The GAP certification is an important protection for consumers shopping for food for themselves or their pets. This program ensures ethical, sustainable, and safe food practices are used on the farms and in the manufacturing facilities that supply ingredients for the foods we eat. Through the GAP certification program, farmers and manufacturers or distributors can request a food safety audit to check their practices and ensure they do all they can to handle food safely.
Pet owners should be aware of the GAP certification program because it is one of the ways a company can provide consumers with another layer of assurance. When you opt for GAP-certified pet food, it reaffirms that you are making a safe and beneficial choice for you, your pets, and your community.
In this article, we'll cover what a GAP certification is and why it's needed. We'll also dive into the details of the process to give you a solid understanding of what's involved.
Looking for GAP-certified pet foods? Check out The Honest Kitchen’s GAP-certified recipes.
What Is a GAP (Global Animal Partnership) Certification )?
The GAP certification process is a program that ensures high-quality food comes from farms. It also helps ensure that the food produced on farms is handled properly in the manufacturing, packaging, and distribution phases.
Agricultural companies that sell fruits and vegetables can voluntarily get an audit from the U.S. Department of Agriculture (USDA) to prove that they use safe production, packaging, handling, and storage techniques to reduce microbial contamination and other food safety issues. If they pass the USDA GAP audit process, a company shows that it does what is necessary to protect its end product from unwanted contamination.
For a company to carry GAP certification, it must follow the recommendations from the U.S. Food and Drug Administration as outlined in the Guide to Minimize Microbial Food Safety Hazards for Fresh Fruits and Vegetables.
GAP certification can also apply to animal-based products, such as meat. This is through the Global Animal Partnership, which promotes food safety training and proper handling, as well as ethical and safe treatment of animals on the farm.
Why Do You Need a GAP Certification?
When a grower or manufacturer practices Good Agricultural Practices, they help improve responsible farming methods on their site. GAP certification shows consumers that the grower or supplier has embraced these practices. When a pet food brand carries GAP certification — like The Honest Kitchen does — it helps the grower and the community in several ways, including:
1) Reduces the Risk of Foodborne Illness
Foodborne illnesses from fresh produce are becoming increasingly common. Since traceability through the supply chain has improved significantly, produce recalls are becoming more widespread.
When a grower is GAP-certified, it means they’ve taken steps to decrease the risks of microbial food safety hazards throughout the growing process. Reducing this risk is one of the primary goals of the GAP program.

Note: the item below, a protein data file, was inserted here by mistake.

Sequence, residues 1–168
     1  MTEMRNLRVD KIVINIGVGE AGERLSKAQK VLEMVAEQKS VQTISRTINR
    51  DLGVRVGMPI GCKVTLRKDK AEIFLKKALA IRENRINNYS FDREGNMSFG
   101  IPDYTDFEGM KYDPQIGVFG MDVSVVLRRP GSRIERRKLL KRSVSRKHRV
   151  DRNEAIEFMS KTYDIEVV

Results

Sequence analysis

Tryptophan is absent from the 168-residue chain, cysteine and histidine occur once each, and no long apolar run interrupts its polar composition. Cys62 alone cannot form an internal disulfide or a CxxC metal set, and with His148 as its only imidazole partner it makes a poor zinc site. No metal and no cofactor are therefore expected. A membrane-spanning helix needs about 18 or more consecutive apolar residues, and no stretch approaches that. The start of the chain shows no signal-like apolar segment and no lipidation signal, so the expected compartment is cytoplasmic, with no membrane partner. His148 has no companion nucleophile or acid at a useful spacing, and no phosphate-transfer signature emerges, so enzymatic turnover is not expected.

When growers and manufacturers practice good handling practices and growing practices, the risk of extensive illness drops. This, in turn, drops the risk of a costly recall.
2) Improves the Sustainability of Crop Production
Part of the GAP certification process focuses on sustainable on-farm and post-production processes. This starts with responsible farming methods from growers to help keep the land viable and produce quality high. A GAP audit can help companies find areas where they are operating with less efficiency.
3) Maximizes Yields and Reduces Production costs
For an agricultural business to be profitable, it must produce a high yield and distribute or sell that yield in an affordable way. Good agricultural practices are about more than just reducing the risk of illness; they also encourage more production while lowering the cost of production. This benefit helps put more money in the pocket of hard-working farmers.
4) Improves Economic Outcomes
Consumers enjoy the peace of mind that comes with buying GAP-certified, which means that these products will likely sell better — and more sales means more revenue for farms and other agricultural businesses. GAP certification also reduces the economic risk associated with recalls and contaminated foods that cannot be sold.
These negative economic effects impact not only the farming community, but also the shipping community and the retailers who sell food products, so the negative impacts are far-reaching. In contrast, when growers are GAP certified, that risk lowers, and the trickle-down effect on the larger economy also sees a positive impact.
What Is the GAP Certification Process?
GAP certification applies to any company that handles food. This means it is not just for human food, but also for pet food. Any manufacturer or grower who grows fresh produce can apply for certification. The process is not too complicated, but it can be time-consuming. For a company to get GAP certified, it must complete the following steps: